Jefferson County’s tourism business is booming. We lead the state in tourism dollars and taxes. We have been blessed with natural gifts that are renowned worldwide and we welcome over a million visitors every year. The clear view of the Blue Ridge comes to mind as well as two famous rivers that offer the perfect setting for water sports from fishing to rafting and tubing. Wait, there’s more to be thankful for!
Our incredible, historic equine industry and the fertile grounds that have been farmed for centuries are all foundational to our tourism industry; finally, our historic legacy of structures and events that still bear witness to the birth and growth of a new nation make Jefferson County a true destination for travelers.
How do we ensure that our tourism industry continues to thrive? The clear answer is through careful stewardship of the gifts we have been given. Respect for the land, maintaining clean water and clean air, as well as preservation of our historic architectural past are fundamental to continued growth of tourism.
We should not treat the natural and historic bounty that we have been given with such a cavalier and dangerous manner as some of our public servants do with their embrace of heavy polluting industry.
We already have some examples of polluting industry that have been here awhile yet that does not mean we should continue to pollute our home even more. One only needs to imagine what our county will become in 10 to 15 years if we don’t stop this destructive expansion now.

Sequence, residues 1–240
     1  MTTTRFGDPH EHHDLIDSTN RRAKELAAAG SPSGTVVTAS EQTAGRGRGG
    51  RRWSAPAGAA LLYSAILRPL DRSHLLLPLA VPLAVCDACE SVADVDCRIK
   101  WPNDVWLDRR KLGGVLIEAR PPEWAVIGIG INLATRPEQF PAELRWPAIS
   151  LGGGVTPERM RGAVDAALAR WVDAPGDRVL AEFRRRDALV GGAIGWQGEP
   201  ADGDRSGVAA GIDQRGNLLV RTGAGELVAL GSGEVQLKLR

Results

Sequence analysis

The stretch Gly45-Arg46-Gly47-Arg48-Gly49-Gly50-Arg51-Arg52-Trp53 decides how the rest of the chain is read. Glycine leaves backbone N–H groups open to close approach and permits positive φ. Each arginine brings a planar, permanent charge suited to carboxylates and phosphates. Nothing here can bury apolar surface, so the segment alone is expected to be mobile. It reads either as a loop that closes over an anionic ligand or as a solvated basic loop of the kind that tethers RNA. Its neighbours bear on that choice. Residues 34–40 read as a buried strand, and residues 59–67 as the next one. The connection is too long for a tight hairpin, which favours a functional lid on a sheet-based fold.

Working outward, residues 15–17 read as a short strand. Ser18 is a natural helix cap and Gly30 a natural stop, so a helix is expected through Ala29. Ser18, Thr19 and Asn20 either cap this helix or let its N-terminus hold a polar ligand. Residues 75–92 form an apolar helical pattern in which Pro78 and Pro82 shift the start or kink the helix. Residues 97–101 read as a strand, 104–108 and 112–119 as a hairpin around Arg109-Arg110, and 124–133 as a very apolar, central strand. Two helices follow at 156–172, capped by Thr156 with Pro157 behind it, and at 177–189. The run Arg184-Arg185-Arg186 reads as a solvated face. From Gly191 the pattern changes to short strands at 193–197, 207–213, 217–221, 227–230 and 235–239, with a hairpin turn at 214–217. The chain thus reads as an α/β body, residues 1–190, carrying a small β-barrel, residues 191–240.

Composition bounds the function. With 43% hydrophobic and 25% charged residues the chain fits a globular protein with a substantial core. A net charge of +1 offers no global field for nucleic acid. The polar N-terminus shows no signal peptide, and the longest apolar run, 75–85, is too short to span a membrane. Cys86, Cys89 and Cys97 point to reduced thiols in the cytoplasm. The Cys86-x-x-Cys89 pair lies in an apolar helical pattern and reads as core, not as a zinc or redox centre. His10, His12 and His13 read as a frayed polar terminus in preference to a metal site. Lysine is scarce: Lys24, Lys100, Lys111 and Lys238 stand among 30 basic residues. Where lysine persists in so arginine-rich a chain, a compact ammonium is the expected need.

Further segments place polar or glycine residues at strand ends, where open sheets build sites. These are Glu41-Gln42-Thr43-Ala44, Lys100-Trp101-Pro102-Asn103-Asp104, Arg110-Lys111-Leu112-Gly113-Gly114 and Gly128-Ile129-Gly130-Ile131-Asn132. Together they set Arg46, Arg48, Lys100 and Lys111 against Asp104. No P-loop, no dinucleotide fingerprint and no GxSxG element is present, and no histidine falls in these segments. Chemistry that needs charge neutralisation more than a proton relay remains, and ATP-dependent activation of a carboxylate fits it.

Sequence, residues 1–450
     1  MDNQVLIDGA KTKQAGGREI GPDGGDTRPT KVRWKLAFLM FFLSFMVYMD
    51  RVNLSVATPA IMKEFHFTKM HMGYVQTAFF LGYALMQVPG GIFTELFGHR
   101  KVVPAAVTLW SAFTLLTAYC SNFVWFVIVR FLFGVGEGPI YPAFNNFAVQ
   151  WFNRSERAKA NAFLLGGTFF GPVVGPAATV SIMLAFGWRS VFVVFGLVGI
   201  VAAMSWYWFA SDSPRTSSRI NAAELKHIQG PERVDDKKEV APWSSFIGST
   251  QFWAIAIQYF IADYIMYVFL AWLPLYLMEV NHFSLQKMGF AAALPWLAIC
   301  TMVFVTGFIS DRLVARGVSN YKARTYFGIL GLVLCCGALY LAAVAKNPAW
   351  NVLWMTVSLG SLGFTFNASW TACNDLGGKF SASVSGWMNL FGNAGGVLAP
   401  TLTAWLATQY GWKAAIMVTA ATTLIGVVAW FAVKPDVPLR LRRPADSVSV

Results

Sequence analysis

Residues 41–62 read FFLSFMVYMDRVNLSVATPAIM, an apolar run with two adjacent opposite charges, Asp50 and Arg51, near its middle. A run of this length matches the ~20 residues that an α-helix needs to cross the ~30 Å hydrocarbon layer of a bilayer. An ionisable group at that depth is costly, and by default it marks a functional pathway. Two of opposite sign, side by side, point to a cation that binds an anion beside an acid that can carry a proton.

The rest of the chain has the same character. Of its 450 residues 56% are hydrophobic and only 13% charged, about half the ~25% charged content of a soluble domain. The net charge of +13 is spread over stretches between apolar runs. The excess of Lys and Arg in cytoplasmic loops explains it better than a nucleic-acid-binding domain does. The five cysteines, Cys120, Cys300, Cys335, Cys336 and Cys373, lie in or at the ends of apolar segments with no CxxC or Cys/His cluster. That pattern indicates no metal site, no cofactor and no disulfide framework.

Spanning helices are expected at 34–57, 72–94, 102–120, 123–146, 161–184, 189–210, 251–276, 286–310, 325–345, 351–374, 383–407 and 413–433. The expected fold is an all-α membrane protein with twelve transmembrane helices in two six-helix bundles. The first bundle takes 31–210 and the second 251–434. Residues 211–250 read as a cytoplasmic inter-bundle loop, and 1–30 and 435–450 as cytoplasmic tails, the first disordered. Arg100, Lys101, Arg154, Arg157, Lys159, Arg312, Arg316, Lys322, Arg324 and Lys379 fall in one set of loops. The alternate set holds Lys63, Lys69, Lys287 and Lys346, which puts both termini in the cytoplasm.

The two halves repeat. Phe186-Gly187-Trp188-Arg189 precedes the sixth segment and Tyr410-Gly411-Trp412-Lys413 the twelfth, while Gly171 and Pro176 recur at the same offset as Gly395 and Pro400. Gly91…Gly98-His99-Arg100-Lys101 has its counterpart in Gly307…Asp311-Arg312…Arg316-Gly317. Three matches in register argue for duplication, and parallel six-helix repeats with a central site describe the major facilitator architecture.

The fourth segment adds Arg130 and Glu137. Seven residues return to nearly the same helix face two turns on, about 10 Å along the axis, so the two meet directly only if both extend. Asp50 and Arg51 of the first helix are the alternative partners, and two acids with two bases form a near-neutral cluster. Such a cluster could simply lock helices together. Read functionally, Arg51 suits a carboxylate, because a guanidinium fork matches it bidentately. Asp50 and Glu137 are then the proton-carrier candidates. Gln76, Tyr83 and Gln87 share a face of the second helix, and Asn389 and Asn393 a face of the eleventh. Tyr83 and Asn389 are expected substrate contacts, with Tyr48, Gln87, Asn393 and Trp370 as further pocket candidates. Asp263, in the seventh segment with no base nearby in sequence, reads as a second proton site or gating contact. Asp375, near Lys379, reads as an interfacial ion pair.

Major corridors such as Routes 9 and 340 will be lined with industry that will contribute to accumulating air and water pollution; our magnificent views will be riddled with smoke stacks; our roads will be clogged with heavy trucks running 24 hours a day, seven days a week; the light pollution will obscure the stars; we will be put at greater and greater risk for industrial “accidents” caused by overbuilding on karst geology. It is folly to espouse the view that all this will not harm tourism in Jefferson County.
If it is one thing that I have learned in my involvement in the tourism industry in Jefferson County through training, research and most importantly frequent contact with visitors is that we must remain true to our authentic self. If you ask a newcomer or a sixth-generation resident of this county or a visitor to describe who we are they talk about our history, the Blue Ridge, the rivers, the farm land; they never mention pollution and heavy industry. We are not Berkeley County. We are not Kanawha County. We are Jefferson County and all that that implies. Every decision is a weighing of risk and benefit and our tourism industry will prosper or be diminished by this decision before us and our elected officials. I choose stewardship of what we have. I hope you do, too.
– Jan Hafer is the president of the Shepherdstown Visitors Center’s board of directors